On June 18, The Institute for Museum and Library Services (IMLS) released the results of its 2011 Public Libraries in the United States Survey. While the survey is undertaken every year, the latest numbers from 2011 represent the study’s first attempt to use multivariate statistical modelling to take a deep dive into library circulation and visitation numbers. The results of that analysis verify that when communities invest in libraries, those libraries see increased use.
Since IMLS took the reins of the annual survey from the Department of Education in 2007, it has continually added new wrinkles and metrics to the report, seeking to better understand and analyze the reams of data gathered every year, said Carlos Manjarrez, IMLS director of operations, research and evaluation. Previous years saw geocoding added to data so that libraries could be pinpointed geographically, followed by the addition of location analysis, which improved the ability of data analysts to look beyond the aggregate numbers the survey collects and ferret out developing trends in urban versus rural libraries.
This year’s introduction of multivariate analysis allows IMLS researchers to control for multiple variables—like location, size, and level of municipal investments—while analyzing data, painting a clearer picture of just won hat impact each individual variable has. That new level of analysis, said Manjarrez, was a key to providing a more nuanced understanding of the survey data, including insights into why per-capita visitation at U.S. public libraries experienced a 3.6 percent decline compared with the agency’s prior survey.
“We thought it was important to introduce multivariate analysis, because we wanted to dig deeper and understand what’s behind the drops in visitation over the last two years,” Manjarrez told LJ. “That lets us identify which of those things are most strongly associated with things like visitation and attendance of library programs.”
The answer won’t surprise many librarians. According to Manjarrez, high funding levels and lots of staffers correlate positively with high visitation rates, circulation, and program attendance, while cuts to funding are associated with decreased use of public libraries. “When you invest, it really does have an impact on visitations and circulation. That’s something this survey couldn’t say before.”
Manjarrez also noted that the data showed a slight correlation between investment in electronic resources and a drop in in-person visits. That makes sense—after all, one goal of investing in services like online access to databases and book renewals is to help save users a trip to the library. Unfortunately, the IMLS survey doesn’t yet collect the electronic visitor metrics that would be needed to confirm that a decline in on-site visits was offset by a rise in electronic resource usage. That’s because metrics of digital use can be hard to standardize and collect, requiring cooperation from multiple vendors who may report usage statistics differently.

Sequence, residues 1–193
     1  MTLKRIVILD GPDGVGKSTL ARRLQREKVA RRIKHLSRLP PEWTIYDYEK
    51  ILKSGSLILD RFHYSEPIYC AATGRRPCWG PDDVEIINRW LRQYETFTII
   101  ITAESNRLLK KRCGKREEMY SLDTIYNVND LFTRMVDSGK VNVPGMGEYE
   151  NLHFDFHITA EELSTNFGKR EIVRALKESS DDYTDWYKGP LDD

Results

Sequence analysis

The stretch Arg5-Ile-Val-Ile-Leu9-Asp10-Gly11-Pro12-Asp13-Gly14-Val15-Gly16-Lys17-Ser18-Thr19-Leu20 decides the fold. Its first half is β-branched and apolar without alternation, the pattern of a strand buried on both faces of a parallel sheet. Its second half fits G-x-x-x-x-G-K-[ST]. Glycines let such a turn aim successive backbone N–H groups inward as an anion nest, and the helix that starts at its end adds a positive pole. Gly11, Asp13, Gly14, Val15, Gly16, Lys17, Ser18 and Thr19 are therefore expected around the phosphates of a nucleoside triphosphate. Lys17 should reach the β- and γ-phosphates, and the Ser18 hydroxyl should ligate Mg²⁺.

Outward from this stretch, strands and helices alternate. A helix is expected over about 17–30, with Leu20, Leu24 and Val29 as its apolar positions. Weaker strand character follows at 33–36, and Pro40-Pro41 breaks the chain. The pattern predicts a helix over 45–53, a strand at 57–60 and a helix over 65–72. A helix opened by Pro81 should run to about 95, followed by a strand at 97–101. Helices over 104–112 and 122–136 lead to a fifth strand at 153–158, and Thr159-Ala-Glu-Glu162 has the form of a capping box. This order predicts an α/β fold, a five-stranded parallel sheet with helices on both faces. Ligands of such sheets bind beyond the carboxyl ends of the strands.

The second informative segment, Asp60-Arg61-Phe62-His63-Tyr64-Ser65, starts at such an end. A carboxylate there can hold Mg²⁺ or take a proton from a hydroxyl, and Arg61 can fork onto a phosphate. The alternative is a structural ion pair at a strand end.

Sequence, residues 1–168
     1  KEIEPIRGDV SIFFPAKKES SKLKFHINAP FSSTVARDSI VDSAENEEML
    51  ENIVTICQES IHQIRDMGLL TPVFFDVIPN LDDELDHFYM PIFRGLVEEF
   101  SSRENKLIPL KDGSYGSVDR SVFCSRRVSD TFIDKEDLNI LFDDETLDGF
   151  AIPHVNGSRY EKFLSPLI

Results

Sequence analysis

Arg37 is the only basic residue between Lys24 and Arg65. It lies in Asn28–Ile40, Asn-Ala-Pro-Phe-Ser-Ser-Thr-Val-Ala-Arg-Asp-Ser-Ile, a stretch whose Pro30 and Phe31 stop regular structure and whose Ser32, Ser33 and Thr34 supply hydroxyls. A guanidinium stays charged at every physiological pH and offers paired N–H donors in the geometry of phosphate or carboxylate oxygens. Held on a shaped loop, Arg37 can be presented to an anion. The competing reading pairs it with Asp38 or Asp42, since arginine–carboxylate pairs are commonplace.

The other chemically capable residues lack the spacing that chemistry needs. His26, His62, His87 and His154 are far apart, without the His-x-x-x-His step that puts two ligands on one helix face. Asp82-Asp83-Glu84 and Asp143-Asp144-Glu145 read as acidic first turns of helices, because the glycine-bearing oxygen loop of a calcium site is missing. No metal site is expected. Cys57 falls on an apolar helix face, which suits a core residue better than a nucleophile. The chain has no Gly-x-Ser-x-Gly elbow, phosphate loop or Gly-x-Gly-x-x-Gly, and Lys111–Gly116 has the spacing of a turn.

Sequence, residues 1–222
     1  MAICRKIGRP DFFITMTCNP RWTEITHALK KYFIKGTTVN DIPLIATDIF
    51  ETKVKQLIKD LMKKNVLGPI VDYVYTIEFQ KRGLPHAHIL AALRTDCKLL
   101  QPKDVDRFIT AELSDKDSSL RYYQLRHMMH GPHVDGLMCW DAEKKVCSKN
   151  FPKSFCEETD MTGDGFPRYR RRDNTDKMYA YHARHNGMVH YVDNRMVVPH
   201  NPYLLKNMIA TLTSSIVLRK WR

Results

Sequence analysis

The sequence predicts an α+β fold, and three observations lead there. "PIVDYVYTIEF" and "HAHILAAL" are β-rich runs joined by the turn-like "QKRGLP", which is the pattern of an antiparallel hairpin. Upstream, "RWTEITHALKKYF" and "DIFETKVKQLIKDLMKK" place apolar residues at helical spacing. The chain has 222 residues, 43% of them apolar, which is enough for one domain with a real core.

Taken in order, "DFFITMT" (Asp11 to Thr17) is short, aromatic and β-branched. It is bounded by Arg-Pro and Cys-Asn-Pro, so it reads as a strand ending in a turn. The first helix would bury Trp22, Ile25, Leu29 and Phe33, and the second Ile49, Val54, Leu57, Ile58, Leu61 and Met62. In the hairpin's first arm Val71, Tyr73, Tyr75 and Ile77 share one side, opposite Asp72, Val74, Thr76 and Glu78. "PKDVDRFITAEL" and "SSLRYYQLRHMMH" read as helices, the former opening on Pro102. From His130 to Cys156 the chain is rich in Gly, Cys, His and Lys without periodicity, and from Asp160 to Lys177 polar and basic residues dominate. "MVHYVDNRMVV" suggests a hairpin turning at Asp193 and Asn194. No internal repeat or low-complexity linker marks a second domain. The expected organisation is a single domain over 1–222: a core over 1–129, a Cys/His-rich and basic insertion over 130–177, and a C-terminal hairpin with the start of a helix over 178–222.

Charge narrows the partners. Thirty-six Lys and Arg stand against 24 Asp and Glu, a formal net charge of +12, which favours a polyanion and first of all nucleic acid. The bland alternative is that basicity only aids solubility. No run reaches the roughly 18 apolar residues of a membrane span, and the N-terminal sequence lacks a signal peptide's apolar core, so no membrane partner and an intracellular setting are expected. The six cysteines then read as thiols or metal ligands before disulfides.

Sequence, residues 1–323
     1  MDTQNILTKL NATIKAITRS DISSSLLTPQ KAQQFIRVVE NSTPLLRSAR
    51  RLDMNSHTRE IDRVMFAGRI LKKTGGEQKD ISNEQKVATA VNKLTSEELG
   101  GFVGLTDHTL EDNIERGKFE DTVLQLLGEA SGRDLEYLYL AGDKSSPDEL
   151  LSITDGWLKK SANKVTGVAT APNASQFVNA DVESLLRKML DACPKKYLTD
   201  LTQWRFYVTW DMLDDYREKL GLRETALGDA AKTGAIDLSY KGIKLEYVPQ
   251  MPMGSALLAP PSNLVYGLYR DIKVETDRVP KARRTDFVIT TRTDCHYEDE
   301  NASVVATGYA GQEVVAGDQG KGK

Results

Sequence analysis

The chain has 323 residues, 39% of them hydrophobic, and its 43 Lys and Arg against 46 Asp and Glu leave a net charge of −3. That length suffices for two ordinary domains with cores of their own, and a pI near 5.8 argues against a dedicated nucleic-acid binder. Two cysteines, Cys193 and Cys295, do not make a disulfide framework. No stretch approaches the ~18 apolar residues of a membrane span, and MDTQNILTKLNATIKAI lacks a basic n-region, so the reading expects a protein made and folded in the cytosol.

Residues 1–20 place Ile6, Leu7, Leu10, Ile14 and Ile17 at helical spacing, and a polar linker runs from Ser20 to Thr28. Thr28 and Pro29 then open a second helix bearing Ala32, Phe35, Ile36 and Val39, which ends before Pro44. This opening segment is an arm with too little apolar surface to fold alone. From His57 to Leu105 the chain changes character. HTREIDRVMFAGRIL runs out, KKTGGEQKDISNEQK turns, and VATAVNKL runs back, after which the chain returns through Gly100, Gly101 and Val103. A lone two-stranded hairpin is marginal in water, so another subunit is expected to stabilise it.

Though those figures are hard to collect, Manjarrez admitted they mark a significant hole in the survey—one that needs to be fixed to keep it relevant in the future. “We need to address this,” he told LJ. “It’s 2014. It’s not as if electronic services are suddenly going to disappear.”
Among the figures that stood out to Manjarrez, the steady increase of attendance at library programs is a trend that holds across libraries large and small, urban and rural. Since 2004, the survey shows that attendance at programs has increased more than thirty percent nationwide, with libraries reporting a total of 89 million attendees at 3.8 million programs in 2011. While electronic resources may help people skip a trip to the library, programs can be a reason for them to make a visit. “I think it signals a real transition…in terms of engaging learners in different ways,” Manjarrez said of the new prevalence of programming.
Anecdotally, Manjraez suggested the increase in the importance of library programs from job hunting classes to parenting workshops also suggests that partnerships with local nonprofits and government organizations are becoming more and more essential to libraries. Since programs can be effort intensive to set up and run, being able to pool resources with other organizations can make things easier on librarians. That hints at the notion that broader public service programs are reflective of libraries across the country becoming more connected with local partners and their communities.